Parent testing child for COVID at home

What Child Care Providers Should Know About COVID-19

What is COVID-19?
COVID-19 is a respiratory illness caused by the SARS-CoV-2 virus. The virus is constantly changing  and can lead to the emergence of variants that may have new characteristics, including different ways of spreading.

Who gets COVID-19 and how?
COVID-19 is caused by a strain of the coronavirus. Coronavirus is a common virus that can cause cold-like symptoms. Many people with COVID-19 have no symptoms, or think they just have a common cold. 

The virus that causes COVID-19 spreads through the air when a person coughs, sneezes, sings, or talks. It can also spread when droplets land on surfaces and then are rubbed into the eyes, nose, or mouth. COVID-19 most commonly spreads during the first week of the infection.  People can be contagious anytime from two days before symptoms appear to 10 days after the symptoms start. Anyone infected with COVID-19 can spread it, even if they do NOT have symptoms.

People who are at high risk for getting very sick or requiring medical attention if they get COVID-19 are premature infants, older adults, people with chronic health conditions, and people with weakened immune systems.

What are the symptoms of COVID-19?
Children with COVID-19 usually have mild symptoms or no symptoms. A child with COVID-19 may have one or more of these symptoms:

  • Fever
  • Runny nose and congestion
  • Sore throat
  • Cough
  • Headache
  • Tiredness
  • Muscle pain
  • Loss of taste or smell
  • Nausea or Vomiting
  • Diarrhea

Children with COVID-19 generally don’t get as sick as adults. However, a rare but serious concern is Multisystem Inflammatory Syndrome in Children (MIS-C). MIS-C causes inflammation in different parts of the body, like the heart, lungs, brain, and digestive tract. It usually occurs two to six weeks after a child gets COVID-19. Symptoms include abdominal pain, vomiting, diarrhea, dizziness, and rash. Children with these symptoms should be seen by a health care provider to be evaluated for MIS-C. For more information about MIS-C, visit: 

Should a child with COVID-19 stay home?
Children should stay home if they have new COVID-19 symptoms. They should take a COVID-19 test as soon as possible.

  • If the test is positive, then the child should stay isolated from others so that they do not infect other children or adults. As of June 2023, the Centers for Disease Control and Prevention (CDC) says that people who test positive for COVID-19 should stay home for at least 5 days. After 5 days, follow your usual exclusion for illness policy.
  • If the test is negative, consider getting your child tested for other respiratory diseases. The California Department of Public Health recommends that children can return to school, camp, or child care once their symptoms are improving and mild enough for them to participate; or if the cause of the symptoms is not infectious (e.g., allergies).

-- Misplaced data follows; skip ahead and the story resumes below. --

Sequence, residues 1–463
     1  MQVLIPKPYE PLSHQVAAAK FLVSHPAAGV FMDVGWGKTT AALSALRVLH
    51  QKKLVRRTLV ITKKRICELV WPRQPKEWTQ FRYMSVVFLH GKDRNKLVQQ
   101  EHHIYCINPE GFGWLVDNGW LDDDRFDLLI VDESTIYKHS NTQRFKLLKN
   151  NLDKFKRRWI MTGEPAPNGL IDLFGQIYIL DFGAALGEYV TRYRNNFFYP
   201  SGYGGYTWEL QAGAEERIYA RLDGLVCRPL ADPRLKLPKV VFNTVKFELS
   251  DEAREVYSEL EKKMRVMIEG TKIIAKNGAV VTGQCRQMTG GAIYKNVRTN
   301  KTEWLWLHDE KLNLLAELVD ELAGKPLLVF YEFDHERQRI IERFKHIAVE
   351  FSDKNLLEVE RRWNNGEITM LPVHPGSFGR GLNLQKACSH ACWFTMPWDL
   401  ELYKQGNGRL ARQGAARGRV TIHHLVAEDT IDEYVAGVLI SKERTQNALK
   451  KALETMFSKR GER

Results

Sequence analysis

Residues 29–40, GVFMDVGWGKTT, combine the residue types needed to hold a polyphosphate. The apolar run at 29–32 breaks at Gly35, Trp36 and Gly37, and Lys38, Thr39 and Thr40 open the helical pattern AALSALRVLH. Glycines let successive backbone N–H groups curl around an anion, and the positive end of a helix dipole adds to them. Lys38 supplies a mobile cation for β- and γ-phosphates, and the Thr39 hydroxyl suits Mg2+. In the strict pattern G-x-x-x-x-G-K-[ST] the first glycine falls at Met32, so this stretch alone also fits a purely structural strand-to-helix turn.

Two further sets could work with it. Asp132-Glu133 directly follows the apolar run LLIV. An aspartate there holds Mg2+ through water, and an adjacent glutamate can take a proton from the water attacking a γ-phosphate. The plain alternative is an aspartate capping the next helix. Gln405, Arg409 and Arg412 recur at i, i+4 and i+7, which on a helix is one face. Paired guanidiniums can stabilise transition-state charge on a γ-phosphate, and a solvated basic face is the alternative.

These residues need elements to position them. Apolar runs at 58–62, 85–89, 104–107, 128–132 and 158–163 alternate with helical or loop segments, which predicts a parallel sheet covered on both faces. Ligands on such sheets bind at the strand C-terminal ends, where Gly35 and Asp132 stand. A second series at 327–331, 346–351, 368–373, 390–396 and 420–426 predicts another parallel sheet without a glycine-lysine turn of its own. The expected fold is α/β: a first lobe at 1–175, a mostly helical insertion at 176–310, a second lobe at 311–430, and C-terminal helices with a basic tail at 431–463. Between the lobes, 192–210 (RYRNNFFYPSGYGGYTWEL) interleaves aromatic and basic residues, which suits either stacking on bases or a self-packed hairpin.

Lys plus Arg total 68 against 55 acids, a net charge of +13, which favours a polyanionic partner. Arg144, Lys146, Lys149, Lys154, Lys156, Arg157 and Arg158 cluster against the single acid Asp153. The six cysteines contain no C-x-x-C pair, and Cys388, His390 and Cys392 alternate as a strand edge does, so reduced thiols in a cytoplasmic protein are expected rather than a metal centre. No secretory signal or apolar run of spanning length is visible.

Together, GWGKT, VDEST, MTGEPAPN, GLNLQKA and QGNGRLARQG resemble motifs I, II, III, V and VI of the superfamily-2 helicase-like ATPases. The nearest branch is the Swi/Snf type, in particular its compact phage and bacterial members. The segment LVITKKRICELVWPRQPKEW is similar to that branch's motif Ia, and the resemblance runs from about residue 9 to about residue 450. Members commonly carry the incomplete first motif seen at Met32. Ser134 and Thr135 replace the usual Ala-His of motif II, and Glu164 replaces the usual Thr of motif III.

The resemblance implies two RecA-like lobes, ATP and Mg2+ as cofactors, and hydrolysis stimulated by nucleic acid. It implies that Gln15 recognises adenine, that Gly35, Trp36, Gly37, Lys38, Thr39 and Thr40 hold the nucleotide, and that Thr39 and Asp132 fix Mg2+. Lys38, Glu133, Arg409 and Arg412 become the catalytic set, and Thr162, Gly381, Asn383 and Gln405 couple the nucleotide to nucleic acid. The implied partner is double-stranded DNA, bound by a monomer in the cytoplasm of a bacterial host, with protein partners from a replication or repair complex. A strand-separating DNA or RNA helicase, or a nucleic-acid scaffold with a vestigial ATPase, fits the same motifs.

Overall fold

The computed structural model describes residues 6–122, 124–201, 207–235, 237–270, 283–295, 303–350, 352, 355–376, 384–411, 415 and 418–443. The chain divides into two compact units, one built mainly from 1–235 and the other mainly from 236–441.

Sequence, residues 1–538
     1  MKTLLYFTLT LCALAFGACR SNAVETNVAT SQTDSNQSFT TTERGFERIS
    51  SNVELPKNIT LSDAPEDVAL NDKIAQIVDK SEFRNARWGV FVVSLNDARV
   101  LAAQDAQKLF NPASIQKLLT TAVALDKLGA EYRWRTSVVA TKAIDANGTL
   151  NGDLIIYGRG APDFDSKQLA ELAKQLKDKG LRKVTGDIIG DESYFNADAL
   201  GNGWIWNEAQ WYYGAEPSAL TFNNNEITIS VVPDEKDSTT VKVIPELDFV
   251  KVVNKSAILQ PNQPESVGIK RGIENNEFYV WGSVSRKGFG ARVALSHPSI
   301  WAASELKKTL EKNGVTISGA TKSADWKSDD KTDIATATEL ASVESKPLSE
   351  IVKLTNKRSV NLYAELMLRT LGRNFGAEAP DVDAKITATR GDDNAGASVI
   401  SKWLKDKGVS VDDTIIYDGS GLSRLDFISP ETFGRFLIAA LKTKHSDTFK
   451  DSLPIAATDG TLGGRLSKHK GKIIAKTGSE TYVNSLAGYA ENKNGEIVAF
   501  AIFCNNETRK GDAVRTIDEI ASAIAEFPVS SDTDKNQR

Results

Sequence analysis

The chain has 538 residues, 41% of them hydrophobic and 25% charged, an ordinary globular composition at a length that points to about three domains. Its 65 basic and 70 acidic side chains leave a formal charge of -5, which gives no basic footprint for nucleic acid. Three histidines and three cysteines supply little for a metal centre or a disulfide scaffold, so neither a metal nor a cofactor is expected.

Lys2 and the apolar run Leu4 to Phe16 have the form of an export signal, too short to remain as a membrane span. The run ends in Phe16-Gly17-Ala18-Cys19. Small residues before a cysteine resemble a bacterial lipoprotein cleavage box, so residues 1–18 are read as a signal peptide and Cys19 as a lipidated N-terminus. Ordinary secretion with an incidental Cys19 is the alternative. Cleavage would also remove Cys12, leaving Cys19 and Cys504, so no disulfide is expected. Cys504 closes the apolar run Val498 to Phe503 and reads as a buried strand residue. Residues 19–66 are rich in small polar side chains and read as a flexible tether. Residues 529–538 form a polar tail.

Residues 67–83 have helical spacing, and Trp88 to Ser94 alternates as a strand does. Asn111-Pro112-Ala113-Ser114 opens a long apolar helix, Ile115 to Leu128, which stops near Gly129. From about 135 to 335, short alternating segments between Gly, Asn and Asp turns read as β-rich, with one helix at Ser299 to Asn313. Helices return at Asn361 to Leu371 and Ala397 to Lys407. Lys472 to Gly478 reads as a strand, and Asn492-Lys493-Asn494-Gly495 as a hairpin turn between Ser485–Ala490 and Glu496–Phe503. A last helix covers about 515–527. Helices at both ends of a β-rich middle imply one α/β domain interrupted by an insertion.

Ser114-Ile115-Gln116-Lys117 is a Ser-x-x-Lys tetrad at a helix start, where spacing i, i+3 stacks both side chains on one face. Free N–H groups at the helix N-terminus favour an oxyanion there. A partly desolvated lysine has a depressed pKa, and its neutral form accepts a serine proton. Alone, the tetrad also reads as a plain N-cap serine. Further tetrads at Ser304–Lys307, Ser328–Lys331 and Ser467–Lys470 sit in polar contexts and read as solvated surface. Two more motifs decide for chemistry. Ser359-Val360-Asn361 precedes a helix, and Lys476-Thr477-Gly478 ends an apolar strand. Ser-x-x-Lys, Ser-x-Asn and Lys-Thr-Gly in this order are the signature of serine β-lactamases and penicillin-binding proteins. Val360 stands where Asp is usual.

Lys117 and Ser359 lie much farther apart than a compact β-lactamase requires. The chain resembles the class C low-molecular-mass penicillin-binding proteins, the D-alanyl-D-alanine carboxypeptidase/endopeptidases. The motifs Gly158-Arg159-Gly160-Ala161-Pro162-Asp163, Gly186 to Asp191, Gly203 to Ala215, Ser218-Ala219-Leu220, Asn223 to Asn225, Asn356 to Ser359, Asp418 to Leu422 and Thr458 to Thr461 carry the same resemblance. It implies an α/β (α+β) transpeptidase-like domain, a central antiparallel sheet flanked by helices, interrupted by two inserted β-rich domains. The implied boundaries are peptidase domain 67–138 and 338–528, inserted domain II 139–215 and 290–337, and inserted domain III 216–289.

Most children with COVID-19 get better by resting at home, staying hydrated, and managing their symptoms. Children with COVID-19 may need to see their health care provider if they have a chronic illness, their symptoms are restricting their activity, or their symptoms are getting worse. A child’s health care provider may suggest over-the-counter medications for fever, cough, and congestion.

Children should see a health care provider immediately if they have difficulty breathing, confusion, chest pain, inability to stay awake, or changes in the skin, lip, or nail color (e.g., they become pale, gray, or blue). 

Tips to reduce the risk of COVID-19
Practicing healthy habits can reduce the likelihood of getting COVID-19:

  • Practice good handwashing.
  • Stay up-to-date with vaccinations.
  • Stay at home when you have been exposed to someone with symptoms of COVID-19, and get tested.
  • Use the Daily Health Check, exclusion policy, and staff health policy to guide health and safety decisions in your program. 
  • Show children how to cover their cough and sneeze.
  • Follow the routine schedule for cleaning, sanitizing, and disinfecting in Caring for Our Children Appendix K
  • Ventilate the indoor space by using an exhaust fan, open windows, and/or portable air cleaner; maintain and check the program’s HVAC system and use MERV 13+ filters.
  • Spend time outdoors, when possible. See recommendations about Active Outdoor Play for more information.

What to do if someone has been exposed to someone with COVID-19:

  • Wear a high-quality mask when indoors around others (including inside your home) for 10 days.
  • Complete a home rapid test for COVID-19.
  • Monitor for COVID-19 symptoms.

Where can I find more information?

California Childcare Health Program (2023) Sample COVID-19 Pandemic Policy Template at

California Department of Public Health (2023) California COVID-19 Personalized Testing and Isolation Calculator at 

California Department of Public Health (2023) What to Do if You Are Exposed to COVID-19 at 

California Department of Public Health (2023) Guidance for Child Care Providers and Programs: Questions and Answers at 

Centers for Disease Control and Prevention (2023) Isolation and Precautions for People with COVID-19 at 

Centers for Disease Control and Prevention (2023) What to Do If You Were Exposed to COVID-19 at 

June 2023, UCSF California Childcare Health Program
This illness sheet was made possible with funding from the Heising-Simons Foundation.